The bill also requires that a person engaged in debt adjusting obtain and maintain at all times insurance coverage for employee dishonesty, depositor's forgery, and computer fraud. This coverage must be in the amount of 10% of the monthly average for the immediate preceding six months of the aggregate amount of all deposits made with the person by all debtors. In addition, the insurance coverage must (1) be not less than $100,000, (2) include a deductible that does not exceed 10% of the face amount of the policy coverage, (3) be issued by an insurer rated at least "A-" or its equivalent by a nationally recognized rating organization, and (4) provide that 30 days advance written notice be given to the Consumer Protection Division of the Attorney General's Office before coverage is terminated.
Civil remedies
(R.C. 4710.02(F) and 4710.04)
Under the bill, a person that violates the annual audit or insurance coverage requirement may be fined not more than $10,000 for each violation. The bill also specifies that a violation of the requirement relating to (1) the 30-day disbursal of funds to creditors, (2) the maintenance of separate accounts for debtors, or (3) the contribution limits, is deemed an unfair or deceptive act or practice in violation of the Consumer Sales Practices Act (CSPA) (see R.C. 1345.01 to 1345.13). The bill provides that a person injured by a violation of the requirements described in (1) to (3), above, has a cause of action and is entitled to bring a civil action under CSPA, and that all the powers and remedies available to the Attorney General to enforce CSPA are available to the Attorney General to enforce a violation of these requirements. (Under CSPA, the Attorney General may investigate violations, seek a declaratory judgment, an injunction or other equitable relief, or organize and bring a class action.)
Criminal penalty
(R.C. 4710.99)
In addition, any violation of the bill is a third degree misdemeanor for the first offense and a second degree misdemeanor for any subsequent offense.
Debtor remedies; notice of location for disposition of collateral
(R.C. 1309.613 and 1309.625)
Under current law, a debtor may bring a civil action against a creditor that violates the Secured Transactions Law (Chapter 1309.). The law also specifies collectable damages by a debtor but limits these damages if a "deficiency" (which generally occurs if the value of the collateral used in the secured transaction is less than the amount that the debtor owes the creditor) that is owed by the debtor is reduced or eliminated under the Secured Transactions Law.
The bill adds that, regardless whether the debtor's deficiency has been eliminated or reduced under the Secured Transactions Law, damages recovered by the debtor from the creditor for a violation of that law are to be reduced by the amount that the sum of the secured obligation and creditor expenses and attorney's fees exceeds the creditor's proceeds of collection and enforcement actions and of the disposition or acceptance of the collateral.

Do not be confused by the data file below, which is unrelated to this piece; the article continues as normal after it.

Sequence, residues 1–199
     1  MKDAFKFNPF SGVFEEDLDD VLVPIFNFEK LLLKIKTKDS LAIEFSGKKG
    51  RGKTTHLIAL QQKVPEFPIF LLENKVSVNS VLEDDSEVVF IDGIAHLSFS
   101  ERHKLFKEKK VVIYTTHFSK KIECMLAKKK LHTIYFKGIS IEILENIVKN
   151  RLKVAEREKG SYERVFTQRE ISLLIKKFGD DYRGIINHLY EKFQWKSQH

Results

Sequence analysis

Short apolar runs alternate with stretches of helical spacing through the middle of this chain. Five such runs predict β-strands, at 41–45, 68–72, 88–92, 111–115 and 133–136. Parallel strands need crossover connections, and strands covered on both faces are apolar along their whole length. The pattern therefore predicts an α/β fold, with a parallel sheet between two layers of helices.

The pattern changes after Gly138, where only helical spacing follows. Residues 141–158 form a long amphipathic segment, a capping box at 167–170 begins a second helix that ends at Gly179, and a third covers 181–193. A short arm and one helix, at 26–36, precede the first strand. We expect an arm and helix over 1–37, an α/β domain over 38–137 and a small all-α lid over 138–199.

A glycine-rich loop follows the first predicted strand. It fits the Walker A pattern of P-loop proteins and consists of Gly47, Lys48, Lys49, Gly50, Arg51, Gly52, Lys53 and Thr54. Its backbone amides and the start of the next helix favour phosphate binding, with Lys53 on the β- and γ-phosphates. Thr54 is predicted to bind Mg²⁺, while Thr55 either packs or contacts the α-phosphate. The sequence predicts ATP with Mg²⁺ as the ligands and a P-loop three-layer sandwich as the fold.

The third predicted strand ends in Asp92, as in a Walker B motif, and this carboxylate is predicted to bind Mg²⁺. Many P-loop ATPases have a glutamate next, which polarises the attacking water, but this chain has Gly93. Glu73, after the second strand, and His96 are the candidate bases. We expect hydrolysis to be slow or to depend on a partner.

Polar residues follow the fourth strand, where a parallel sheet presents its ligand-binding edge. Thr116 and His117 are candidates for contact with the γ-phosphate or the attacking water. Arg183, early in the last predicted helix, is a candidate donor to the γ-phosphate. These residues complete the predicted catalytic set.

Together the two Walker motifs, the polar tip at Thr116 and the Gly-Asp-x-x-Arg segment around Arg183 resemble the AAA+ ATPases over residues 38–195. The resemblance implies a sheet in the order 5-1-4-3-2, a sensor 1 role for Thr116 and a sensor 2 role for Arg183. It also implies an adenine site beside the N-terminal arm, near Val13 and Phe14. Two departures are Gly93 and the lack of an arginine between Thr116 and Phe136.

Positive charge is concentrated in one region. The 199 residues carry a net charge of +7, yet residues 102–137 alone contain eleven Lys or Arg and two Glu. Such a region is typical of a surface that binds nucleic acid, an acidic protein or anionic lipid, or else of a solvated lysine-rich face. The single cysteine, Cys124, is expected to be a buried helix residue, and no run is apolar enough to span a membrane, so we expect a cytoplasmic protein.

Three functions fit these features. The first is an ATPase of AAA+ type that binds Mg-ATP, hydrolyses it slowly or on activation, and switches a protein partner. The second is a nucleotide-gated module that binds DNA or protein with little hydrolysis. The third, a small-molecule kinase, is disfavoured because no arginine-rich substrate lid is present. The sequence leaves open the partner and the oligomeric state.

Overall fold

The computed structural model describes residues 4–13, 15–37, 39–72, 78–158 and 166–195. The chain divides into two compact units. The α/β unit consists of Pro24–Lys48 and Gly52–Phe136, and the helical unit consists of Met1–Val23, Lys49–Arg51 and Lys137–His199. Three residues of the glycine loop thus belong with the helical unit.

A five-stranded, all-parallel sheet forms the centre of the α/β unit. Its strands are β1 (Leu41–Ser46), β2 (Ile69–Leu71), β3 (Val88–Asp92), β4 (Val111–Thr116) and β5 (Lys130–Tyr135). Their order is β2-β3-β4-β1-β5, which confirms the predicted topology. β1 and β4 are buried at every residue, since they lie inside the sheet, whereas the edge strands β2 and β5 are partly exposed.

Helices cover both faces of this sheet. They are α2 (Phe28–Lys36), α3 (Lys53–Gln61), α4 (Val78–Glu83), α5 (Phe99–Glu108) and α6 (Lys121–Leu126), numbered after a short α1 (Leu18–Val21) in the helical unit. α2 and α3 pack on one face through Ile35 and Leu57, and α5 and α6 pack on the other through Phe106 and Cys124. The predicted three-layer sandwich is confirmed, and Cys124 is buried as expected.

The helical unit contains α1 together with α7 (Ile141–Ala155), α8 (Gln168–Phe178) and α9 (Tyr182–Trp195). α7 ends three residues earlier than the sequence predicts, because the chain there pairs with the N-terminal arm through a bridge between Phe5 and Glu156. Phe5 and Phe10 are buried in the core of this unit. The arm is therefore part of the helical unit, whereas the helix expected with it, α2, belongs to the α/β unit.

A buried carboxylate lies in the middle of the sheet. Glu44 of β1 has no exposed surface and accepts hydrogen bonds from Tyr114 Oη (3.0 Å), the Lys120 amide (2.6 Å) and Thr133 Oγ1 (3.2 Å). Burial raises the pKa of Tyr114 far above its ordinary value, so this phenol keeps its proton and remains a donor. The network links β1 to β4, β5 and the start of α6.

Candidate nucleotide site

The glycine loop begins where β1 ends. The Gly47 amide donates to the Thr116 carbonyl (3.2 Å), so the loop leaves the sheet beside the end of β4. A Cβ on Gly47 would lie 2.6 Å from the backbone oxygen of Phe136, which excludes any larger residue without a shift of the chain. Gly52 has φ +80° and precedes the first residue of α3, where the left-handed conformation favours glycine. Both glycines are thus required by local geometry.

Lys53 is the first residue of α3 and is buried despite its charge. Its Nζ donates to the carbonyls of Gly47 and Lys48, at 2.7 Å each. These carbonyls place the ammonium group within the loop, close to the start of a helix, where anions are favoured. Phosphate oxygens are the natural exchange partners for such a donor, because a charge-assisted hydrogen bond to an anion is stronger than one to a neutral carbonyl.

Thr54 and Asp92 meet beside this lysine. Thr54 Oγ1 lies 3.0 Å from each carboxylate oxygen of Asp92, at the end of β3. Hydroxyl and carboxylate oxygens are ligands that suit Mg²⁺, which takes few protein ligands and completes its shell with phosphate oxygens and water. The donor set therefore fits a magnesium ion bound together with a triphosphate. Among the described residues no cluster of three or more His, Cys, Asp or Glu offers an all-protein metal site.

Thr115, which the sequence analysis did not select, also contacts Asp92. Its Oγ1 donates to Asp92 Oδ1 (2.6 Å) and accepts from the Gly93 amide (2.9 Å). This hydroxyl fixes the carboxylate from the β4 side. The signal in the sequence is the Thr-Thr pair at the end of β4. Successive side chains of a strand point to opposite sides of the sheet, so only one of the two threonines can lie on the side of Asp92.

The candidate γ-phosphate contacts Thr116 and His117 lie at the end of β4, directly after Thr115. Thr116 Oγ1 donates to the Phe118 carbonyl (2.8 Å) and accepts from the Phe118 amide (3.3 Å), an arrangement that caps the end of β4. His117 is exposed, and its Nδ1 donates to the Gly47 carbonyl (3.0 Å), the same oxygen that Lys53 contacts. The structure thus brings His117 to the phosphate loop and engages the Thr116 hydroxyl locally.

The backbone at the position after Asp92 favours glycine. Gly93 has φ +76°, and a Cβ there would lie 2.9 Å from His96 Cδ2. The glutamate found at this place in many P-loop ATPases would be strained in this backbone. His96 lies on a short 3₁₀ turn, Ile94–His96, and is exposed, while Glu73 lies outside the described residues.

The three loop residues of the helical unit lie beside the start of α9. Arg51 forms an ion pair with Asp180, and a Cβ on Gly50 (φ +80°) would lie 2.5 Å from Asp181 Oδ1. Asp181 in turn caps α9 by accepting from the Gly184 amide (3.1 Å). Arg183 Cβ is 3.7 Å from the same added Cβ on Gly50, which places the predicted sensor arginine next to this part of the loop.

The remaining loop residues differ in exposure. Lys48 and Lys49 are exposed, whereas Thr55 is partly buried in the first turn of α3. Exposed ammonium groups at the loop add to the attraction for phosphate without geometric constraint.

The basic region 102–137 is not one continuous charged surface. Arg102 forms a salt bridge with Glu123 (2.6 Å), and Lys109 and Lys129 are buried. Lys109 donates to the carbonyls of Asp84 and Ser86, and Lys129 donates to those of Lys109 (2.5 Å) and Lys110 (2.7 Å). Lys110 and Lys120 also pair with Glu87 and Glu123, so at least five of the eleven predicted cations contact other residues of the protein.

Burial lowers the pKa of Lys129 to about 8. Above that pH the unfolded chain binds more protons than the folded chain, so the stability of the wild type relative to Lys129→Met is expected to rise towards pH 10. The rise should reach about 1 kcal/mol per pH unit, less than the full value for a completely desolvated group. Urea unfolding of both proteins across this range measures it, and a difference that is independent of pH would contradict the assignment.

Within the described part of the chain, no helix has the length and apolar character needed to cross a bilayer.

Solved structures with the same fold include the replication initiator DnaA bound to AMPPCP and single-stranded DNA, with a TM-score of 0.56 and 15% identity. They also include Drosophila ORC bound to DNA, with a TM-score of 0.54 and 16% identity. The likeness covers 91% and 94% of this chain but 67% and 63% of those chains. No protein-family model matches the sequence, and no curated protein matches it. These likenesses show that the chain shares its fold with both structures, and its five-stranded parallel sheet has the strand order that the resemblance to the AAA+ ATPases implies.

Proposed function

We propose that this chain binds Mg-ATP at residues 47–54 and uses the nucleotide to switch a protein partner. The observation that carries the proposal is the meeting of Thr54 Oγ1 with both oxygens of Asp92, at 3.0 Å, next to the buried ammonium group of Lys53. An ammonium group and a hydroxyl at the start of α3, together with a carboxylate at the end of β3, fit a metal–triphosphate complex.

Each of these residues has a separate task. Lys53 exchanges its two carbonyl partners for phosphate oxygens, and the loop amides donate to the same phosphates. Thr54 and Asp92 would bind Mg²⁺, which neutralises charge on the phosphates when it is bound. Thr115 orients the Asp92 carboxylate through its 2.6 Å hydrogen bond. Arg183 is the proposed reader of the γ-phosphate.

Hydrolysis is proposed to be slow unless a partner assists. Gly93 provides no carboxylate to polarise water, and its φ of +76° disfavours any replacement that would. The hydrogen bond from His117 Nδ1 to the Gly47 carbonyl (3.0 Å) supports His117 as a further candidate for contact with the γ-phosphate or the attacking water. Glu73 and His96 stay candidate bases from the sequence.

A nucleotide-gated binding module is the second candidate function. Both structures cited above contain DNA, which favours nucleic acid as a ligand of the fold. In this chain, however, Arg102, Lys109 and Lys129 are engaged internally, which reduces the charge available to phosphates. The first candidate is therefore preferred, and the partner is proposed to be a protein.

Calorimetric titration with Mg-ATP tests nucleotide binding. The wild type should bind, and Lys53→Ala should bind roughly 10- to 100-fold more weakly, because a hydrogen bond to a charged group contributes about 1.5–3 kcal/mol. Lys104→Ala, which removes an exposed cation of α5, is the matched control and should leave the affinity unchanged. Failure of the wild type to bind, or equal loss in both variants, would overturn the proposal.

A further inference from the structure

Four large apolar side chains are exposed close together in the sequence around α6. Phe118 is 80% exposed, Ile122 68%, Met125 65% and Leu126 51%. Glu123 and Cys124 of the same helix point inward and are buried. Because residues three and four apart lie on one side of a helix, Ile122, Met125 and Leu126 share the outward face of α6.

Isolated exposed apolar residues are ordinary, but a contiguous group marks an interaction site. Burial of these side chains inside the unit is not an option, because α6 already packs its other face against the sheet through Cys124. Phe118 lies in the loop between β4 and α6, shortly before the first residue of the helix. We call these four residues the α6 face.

The Secured Transactions Law also specifies information to be included in a notice given to persons, including the debtor, scheduling the disposition (by sale or transfer) of collateral used in a secured transaction other than a consumer-good, secured transaction. The law specifies that the notice include the time and place of a public sale or transfer. The bill adds that in identifying the place of a public sale or transfer, the notice must state the place of business or address or provide other information that reasonably describes the location.
Information in a garnishment affidavit
(R.C. 2716.03 and 2716.11)
Under the existing Garnishment Law, after a judgment is rendered, a judgment creditor may proceed to garnish personal earnings or other property of a judgment debtor by filing a written affidavit that includes specified information. Currently, information in the affidavit seeking garnishment of personal earnings must include a statement that the employer of a judgment debtor "has" personal earnings of the judgment debtor that are not exempt from garnishment. Similarly, an affidavit seeking garnishment of property other than personal earnings must include a statement that the person named in the affidavit as the garnishee (i.e. holder) "has" property of the judgment debtor that is not exempt from garnishment.
The bill modifies both of these provisions to instead require that a written affidavit seeking to garnish a judgment debtor's personal earnings or other property state that the employer "may have" personal earnings of the judgment debtor, or the garnishee "may have" property of the judgment debtor, neither of which is exempt from garnishment.

3-04-04p. 1656
    Reported, H. Banking, Pensions & Securities


p. 1792
    Passed House (96-0)
05-05-04pp. 1844-1845